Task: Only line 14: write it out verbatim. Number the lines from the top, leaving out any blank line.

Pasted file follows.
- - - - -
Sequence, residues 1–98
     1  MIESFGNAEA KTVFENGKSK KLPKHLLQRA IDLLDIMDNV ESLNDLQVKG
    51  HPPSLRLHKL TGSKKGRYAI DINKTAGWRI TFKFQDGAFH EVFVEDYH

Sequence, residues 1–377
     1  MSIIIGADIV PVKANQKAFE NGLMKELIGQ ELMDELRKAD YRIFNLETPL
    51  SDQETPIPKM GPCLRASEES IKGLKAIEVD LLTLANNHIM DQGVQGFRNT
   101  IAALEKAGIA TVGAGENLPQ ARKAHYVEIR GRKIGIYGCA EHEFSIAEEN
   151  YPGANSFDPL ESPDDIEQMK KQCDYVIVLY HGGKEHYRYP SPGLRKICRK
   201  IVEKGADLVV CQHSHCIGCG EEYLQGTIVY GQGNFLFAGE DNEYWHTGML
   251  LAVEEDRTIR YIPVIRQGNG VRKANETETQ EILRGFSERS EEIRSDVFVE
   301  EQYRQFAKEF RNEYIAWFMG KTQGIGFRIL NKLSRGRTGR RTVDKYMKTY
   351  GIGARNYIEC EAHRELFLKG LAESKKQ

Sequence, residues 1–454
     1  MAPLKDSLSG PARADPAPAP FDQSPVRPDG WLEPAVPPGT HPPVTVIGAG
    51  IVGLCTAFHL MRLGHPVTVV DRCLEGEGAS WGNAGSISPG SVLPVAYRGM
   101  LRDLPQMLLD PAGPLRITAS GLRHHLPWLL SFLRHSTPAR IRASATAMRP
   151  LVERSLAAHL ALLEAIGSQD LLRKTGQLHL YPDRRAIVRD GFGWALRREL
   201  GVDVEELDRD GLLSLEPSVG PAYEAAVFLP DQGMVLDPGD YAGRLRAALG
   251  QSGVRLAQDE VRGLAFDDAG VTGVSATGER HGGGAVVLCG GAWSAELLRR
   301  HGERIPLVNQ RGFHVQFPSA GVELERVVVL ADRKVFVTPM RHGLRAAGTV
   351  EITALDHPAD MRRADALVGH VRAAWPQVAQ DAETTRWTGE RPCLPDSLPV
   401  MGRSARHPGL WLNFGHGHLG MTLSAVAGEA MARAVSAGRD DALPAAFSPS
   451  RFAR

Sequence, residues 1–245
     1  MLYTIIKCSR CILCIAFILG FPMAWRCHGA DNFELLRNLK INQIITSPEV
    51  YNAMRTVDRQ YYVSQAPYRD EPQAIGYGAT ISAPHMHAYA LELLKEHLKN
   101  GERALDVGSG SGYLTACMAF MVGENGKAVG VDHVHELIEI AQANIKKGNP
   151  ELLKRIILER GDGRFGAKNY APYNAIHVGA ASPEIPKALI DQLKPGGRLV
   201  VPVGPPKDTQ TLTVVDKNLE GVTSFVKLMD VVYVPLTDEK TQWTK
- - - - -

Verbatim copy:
     1  MAPLKDSLSG PARADPAPAP FDQSPVRPDG WLEPAVPPGT HPPVTVIGAG